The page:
Prior to the COVID-19 public health crisis, momentum to transition operating rooms into digitally-connected learning environments was building. Social distancing mandates accelerated those efforts.
Prior to the COVID-19 public health crisis, there was momentum to transform operating rooms into digitally connected environments to allow surgeons to collaborate and medical device companies to share best practices and products. Social distancing mandates over the past year accelerated those efforts as virtual reality and remote training technologies have been widely adopted.
The value proposition of connected surgical care, accessibility, efficiency and affordability, is positioning virtual proctoring and training to be the new normal in post-pandemic surgical interactions with experts predicting it is here to stay.
Traditional in-person observation and proctoring is a resource-demanding undertaking for medtechs, given the travel expenses and staffing logistics involved, compared to the virtual collaboration that arose out of necessity in 2020. Flexibility and scalability are two advantages the technology provides for virtual surgical coaching. At the same time, the personal connection that comes from working in-person can be lost in virtual settings.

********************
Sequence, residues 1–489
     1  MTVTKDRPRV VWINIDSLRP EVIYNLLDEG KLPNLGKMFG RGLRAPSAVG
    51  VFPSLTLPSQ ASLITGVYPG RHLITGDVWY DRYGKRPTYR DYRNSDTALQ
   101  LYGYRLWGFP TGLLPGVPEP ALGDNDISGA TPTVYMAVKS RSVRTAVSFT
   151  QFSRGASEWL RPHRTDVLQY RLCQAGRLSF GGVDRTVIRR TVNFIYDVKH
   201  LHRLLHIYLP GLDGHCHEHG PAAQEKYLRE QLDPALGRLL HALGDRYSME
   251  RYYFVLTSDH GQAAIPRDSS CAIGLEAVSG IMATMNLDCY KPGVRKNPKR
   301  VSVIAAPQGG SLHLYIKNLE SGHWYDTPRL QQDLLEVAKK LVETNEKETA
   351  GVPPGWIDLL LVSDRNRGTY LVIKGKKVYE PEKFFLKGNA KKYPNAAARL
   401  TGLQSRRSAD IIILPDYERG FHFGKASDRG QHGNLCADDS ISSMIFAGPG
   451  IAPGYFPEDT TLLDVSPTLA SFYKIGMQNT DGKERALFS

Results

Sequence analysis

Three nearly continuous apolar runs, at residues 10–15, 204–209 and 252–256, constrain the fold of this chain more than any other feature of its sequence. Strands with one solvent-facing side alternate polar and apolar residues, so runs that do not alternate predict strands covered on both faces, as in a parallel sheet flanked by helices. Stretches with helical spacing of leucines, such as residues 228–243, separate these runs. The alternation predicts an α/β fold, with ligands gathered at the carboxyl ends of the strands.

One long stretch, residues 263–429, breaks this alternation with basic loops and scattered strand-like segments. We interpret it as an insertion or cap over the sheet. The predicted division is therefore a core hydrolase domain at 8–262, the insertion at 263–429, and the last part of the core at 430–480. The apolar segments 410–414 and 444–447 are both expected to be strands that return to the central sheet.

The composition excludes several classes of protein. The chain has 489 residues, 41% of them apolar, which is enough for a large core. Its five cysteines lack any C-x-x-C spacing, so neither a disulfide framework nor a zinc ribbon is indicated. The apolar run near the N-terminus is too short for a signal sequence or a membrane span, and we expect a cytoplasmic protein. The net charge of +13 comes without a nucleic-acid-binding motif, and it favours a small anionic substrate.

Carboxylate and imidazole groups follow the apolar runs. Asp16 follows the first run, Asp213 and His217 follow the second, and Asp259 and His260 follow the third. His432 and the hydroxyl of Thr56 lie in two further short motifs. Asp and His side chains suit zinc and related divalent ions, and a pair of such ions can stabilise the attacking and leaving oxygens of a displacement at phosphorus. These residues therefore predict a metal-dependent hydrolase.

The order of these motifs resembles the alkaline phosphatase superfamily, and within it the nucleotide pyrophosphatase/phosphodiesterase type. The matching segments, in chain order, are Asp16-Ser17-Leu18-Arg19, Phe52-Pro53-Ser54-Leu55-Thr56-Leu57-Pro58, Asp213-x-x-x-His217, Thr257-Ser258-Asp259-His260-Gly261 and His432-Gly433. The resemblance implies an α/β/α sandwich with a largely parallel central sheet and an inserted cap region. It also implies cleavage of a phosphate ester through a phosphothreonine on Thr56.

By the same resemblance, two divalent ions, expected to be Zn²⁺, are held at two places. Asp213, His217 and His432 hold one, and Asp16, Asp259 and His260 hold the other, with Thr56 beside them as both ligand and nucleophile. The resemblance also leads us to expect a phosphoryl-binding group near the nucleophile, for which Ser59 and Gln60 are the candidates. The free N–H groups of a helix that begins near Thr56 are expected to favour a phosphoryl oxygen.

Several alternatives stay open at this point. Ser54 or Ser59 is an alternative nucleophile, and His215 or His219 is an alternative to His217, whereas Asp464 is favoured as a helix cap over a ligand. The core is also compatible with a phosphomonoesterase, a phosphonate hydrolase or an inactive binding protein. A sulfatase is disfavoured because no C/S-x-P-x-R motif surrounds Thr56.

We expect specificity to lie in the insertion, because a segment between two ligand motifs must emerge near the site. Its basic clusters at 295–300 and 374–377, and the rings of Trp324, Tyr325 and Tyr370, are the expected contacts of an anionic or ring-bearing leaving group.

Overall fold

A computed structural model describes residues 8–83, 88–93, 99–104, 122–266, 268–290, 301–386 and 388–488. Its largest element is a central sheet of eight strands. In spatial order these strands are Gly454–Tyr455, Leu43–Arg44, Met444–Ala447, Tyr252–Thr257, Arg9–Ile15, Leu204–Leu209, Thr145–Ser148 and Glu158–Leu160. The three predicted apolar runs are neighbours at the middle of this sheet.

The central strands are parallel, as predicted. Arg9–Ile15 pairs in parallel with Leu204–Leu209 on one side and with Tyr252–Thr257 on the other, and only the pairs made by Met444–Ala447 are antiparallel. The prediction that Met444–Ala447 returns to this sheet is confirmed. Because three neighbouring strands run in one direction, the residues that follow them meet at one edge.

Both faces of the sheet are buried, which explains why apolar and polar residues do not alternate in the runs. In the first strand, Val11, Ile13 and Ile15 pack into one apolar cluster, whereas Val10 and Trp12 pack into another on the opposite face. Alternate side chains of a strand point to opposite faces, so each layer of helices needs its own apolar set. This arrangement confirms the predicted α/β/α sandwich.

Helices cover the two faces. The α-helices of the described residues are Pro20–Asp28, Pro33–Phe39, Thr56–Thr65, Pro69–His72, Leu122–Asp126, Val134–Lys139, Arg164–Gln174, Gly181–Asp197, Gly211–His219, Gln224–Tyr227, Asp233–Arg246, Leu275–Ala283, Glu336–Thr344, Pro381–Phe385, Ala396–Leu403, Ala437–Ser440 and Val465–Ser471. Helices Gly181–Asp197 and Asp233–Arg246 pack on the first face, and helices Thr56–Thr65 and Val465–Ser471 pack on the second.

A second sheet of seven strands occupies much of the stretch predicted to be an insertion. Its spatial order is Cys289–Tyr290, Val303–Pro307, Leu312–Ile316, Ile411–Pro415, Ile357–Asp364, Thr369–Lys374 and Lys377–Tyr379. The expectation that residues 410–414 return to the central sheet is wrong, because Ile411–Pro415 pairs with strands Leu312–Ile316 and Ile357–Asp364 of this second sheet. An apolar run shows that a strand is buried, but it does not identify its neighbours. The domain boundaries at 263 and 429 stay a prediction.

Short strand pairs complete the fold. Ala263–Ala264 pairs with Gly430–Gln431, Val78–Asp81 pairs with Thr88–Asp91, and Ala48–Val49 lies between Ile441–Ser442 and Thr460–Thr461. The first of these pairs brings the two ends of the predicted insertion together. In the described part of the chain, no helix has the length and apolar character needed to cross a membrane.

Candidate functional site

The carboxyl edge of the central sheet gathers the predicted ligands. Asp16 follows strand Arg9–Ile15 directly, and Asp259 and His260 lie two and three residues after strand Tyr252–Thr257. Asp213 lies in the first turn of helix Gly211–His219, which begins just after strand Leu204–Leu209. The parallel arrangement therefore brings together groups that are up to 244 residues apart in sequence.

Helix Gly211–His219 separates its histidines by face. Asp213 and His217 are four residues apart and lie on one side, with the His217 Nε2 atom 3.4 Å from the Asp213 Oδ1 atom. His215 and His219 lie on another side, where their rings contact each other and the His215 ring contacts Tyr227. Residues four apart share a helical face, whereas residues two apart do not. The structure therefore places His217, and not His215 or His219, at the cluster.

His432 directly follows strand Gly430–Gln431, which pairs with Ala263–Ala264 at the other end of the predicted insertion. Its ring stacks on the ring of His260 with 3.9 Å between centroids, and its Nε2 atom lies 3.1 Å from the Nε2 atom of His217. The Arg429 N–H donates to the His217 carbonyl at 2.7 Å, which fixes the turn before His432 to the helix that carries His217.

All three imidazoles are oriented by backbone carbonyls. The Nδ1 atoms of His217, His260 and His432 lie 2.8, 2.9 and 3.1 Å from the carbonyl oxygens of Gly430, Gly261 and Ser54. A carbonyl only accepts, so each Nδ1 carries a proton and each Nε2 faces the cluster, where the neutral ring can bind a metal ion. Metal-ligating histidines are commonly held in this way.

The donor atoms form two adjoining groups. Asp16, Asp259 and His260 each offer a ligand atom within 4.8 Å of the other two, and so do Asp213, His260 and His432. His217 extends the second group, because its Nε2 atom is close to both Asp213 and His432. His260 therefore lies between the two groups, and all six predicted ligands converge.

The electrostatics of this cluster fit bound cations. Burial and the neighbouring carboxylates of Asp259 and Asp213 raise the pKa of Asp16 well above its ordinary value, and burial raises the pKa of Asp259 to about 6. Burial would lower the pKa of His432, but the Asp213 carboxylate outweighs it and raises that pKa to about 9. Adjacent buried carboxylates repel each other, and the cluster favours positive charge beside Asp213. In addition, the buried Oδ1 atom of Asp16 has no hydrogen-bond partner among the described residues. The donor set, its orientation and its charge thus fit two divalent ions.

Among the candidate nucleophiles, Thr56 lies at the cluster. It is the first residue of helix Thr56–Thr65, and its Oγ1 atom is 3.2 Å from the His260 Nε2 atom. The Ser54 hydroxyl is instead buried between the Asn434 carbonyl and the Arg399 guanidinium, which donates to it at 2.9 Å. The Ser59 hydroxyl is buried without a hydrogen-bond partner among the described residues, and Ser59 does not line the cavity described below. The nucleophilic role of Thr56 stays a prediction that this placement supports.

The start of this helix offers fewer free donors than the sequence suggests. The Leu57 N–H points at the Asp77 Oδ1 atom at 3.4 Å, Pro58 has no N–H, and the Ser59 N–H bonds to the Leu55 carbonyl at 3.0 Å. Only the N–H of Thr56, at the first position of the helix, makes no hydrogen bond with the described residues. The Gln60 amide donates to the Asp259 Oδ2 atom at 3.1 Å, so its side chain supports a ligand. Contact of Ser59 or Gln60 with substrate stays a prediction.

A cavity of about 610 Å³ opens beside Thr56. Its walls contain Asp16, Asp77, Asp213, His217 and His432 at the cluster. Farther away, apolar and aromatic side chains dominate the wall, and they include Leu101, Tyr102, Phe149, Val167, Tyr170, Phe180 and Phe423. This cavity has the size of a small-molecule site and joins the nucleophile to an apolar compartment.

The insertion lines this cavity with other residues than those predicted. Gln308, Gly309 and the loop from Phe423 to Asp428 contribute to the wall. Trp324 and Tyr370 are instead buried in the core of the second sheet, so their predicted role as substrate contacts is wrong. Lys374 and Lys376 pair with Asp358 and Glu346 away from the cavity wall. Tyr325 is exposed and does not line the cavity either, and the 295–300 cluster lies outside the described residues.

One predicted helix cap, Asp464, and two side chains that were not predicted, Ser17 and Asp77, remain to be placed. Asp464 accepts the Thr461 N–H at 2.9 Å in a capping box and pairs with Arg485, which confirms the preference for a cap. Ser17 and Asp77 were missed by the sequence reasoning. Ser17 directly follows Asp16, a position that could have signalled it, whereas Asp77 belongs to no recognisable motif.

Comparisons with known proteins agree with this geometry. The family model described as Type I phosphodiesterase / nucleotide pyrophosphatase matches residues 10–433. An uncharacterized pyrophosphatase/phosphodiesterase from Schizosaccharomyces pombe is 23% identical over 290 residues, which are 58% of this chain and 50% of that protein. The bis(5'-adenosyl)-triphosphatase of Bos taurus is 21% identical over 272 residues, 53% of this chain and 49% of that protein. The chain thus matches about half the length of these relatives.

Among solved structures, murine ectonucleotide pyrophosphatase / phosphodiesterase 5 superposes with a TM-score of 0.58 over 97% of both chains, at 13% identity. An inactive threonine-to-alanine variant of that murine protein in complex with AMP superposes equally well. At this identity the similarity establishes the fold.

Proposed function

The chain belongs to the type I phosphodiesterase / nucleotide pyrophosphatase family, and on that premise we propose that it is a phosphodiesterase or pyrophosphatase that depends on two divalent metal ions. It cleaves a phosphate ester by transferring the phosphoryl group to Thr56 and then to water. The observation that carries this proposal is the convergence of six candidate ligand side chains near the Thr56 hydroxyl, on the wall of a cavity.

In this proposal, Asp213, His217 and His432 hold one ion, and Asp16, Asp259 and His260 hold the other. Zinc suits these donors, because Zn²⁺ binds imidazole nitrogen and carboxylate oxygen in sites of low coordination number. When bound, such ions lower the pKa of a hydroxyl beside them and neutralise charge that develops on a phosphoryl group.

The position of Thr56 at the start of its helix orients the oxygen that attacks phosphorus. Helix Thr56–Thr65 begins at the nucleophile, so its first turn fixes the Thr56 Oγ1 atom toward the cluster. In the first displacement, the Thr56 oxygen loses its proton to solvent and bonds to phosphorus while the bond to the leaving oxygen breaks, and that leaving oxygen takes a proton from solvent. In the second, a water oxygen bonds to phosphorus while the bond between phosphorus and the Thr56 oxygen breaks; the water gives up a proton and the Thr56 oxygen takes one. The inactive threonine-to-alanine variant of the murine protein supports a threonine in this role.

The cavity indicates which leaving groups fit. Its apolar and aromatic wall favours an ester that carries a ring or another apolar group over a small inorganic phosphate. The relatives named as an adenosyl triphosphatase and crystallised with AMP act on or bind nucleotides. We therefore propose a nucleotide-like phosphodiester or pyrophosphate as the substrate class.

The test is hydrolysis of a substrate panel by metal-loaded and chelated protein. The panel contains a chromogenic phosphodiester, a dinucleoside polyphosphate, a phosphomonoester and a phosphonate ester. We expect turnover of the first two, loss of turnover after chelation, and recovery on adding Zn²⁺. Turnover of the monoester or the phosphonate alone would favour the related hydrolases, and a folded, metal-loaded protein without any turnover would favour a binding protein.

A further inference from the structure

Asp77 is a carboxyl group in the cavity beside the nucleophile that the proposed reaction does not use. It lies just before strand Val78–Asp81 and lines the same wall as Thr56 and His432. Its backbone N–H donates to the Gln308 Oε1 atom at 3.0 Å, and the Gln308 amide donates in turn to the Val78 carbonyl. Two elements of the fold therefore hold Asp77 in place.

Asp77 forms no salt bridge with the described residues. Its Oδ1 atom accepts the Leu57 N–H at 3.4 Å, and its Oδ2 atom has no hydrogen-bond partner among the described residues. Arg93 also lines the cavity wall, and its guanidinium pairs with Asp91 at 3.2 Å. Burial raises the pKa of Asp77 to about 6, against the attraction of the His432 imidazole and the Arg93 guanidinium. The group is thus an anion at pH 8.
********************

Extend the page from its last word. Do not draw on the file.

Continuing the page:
While digitizing the operating room environment was previously seen with a five- to 10-year horizon, the challenges COVID-19 presented in connecting experts has fueled the need to more quickly digitize surgery.
Nadine Hachach-Haram, CEO of tech startup Proximie, said one of the challenges with virtual surgical collaboration is that the OR traditionally is “inherently analog” and not digitized and data-driven.
“Imagine if we could digitize the OR and connect every operating room together” to allow surgeons to collaborate with each other and medical device companies to share best practices, Hachach-Haram, a reconstructive plastic surgeon, said. “We have these teams working together is an immersive interaction that is dimensional and experiential. Having a proctor there virtually for difficult cases is meaningful.”
By Greg Slabodkin | MEDTECH DIVE
Image Credit: Depositphotos
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